Multistate poker is scheduled to have a very merry New Year’s Day in Michigan and New Jersey through PokerStars. That day, the operator will unite online poker players in both states, celebrating with two tournaments with a total of $150,000 in prizes. Today, the Michigan Gaming Control Board (MGCB) emphasized that its other online poker sites can do the same whenever they take the initiative.
MGCB announced news about PokerStars at 9 a.m. EST:
Any Michigan licensed operator may partner with a platform provider to offer multijurisdictional poker. The operator and platform provider must meet MGCB requirements before the agency would approve launch.
Other operators and platform providers would need to obtain necessary approvals to introduce poker and to offer multijurisdictional games. Currently, MGM Grand Detroit with BetMGM and the Grand Traverse Band of Ottawa and Chippewa Indians with World Series of Poker also are authorized poker providers in Michigan, but they are not authorized for multijurisdictional play.
Michigan online poker players may be a bit more invested in the game than New Jerseyans.
So more operators combining Michigan with different states may appeal to players.
However, operators need to apply for approval. Plus, the notable online poker state of Pennsylvania hasn’t yet done the legal groundwork to allow the unions.
Meanwhile, Michiganders are spending more on legal online poker than New Jerseyans. Michigan PokerStars generated $2.3 million in gross gaming revenue (GGR) during November.
Every online poker app in New Jersey saw $2.1 million in revenue during November.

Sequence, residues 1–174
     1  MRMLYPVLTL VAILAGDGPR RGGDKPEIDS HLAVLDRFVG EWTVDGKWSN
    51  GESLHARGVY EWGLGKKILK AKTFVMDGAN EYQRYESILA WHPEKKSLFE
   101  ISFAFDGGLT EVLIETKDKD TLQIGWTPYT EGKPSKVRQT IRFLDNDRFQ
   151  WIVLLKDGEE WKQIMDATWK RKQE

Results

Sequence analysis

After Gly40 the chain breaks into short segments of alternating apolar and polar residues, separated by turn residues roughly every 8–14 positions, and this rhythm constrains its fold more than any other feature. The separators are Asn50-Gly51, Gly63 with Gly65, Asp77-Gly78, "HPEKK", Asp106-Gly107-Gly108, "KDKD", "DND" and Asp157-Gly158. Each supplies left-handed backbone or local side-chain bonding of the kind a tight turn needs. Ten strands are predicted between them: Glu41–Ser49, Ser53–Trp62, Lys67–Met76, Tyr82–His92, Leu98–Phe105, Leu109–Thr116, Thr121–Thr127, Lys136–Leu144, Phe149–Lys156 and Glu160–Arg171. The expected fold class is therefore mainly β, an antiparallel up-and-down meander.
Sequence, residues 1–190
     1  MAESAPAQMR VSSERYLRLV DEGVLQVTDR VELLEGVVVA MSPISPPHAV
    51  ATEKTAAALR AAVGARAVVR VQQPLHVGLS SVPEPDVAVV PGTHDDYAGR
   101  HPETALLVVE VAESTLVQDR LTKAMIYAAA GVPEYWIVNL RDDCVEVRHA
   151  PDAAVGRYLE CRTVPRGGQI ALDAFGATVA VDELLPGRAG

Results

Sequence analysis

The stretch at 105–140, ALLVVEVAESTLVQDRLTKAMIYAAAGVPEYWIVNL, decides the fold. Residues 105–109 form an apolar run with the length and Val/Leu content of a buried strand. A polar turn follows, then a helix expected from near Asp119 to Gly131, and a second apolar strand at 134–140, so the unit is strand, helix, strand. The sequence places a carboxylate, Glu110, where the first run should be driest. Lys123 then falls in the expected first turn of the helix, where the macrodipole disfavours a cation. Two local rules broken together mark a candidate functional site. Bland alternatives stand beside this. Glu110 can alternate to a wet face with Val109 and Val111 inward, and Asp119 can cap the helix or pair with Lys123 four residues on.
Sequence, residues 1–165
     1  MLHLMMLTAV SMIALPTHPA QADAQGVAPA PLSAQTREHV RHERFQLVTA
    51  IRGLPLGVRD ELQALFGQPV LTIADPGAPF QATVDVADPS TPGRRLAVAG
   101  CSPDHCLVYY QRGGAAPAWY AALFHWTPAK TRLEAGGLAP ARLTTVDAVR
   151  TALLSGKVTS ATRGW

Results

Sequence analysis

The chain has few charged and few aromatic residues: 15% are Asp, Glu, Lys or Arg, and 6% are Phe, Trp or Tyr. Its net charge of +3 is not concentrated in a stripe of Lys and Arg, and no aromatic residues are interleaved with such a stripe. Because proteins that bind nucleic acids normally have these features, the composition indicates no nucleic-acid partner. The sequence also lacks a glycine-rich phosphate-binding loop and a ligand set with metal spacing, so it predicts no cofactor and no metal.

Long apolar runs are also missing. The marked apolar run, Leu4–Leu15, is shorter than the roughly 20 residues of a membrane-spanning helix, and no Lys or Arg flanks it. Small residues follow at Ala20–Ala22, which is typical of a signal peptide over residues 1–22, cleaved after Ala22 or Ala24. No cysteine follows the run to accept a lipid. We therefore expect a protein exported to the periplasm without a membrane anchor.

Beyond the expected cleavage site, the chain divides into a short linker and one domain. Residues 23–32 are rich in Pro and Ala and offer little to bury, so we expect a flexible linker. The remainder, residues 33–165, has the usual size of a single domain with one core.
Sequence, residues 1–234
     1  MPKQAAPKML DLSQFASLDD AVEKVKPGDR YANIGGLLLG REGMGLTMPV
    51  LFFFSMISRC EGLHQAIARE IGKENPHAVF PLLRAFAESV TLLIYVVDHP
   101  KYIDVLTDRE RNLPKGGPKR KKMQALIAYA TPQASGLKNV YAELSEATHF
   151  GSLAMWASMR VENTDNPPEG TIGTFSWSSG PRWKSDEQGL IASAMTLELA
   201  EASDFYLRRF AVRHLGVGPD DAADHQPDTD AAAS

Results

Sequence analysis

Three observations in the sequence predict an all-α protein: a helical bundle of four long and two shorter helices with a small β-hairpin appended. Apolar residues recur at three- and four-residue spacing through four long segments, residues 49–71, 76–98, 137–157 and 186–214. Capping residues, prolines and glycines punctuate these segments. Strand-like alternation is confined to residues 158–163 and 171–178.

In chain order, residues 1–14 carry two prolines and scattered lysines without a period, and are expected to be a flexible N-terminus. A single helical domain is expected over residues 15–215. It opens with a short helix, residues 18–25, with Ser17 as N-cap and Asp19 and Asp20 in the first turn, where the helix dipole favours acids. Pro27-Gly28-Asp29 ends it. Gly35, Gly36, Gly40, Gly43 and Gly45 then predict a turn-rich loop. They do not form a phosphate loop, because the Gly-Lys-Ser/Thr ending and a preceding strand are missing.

PokerStars Has the Necessary Approvals
WSOP also offers multistate poker in Delaware, Nevada, and New Jersey. That operator also links its site’s bettors with World Series of Poker play.
The PokerStars union will be the first time Michigan online poker players can bet against gamblers in another state, though.
The regulator’s announcement today about PokerStars’ multistate poker authorization says MGCB granted the site permission on Dec. 20, and New Jersey did so on Dec. 23.
The MGCB hints that PokerStars can unite more player pools with Michiganders:
The agreement allows Odawa Online and TSG (Poker-Stars) to pool their Michigan players with players in the other jurisdictions in the agreement where TSG is licensed and authorized to operate.
Multistate Poker Was Already Legal
MGCB highlighted its years of efforts to enable the New Year’s Day event.
In April, Michigan asked to join the Multistate Internet Gaming Agreement (MSIGA). The board said today that MGCB Executive Director Henry Williams then signed that agreement in May.
Another reason PokerStars may have finally taken the initiative to introduce multistate poker is on Sept. 15, a looming threat disappeared. A court sided with online casino and poker operators and vendors regarding a 2018 interpretation of the Wire Act. Prior to Sept. 15, online gambling industry representatives were worried about federal prosecution if they shared customer data across state lines; thereby, preventing multistate poker play.
A new era begins on Jan. 1.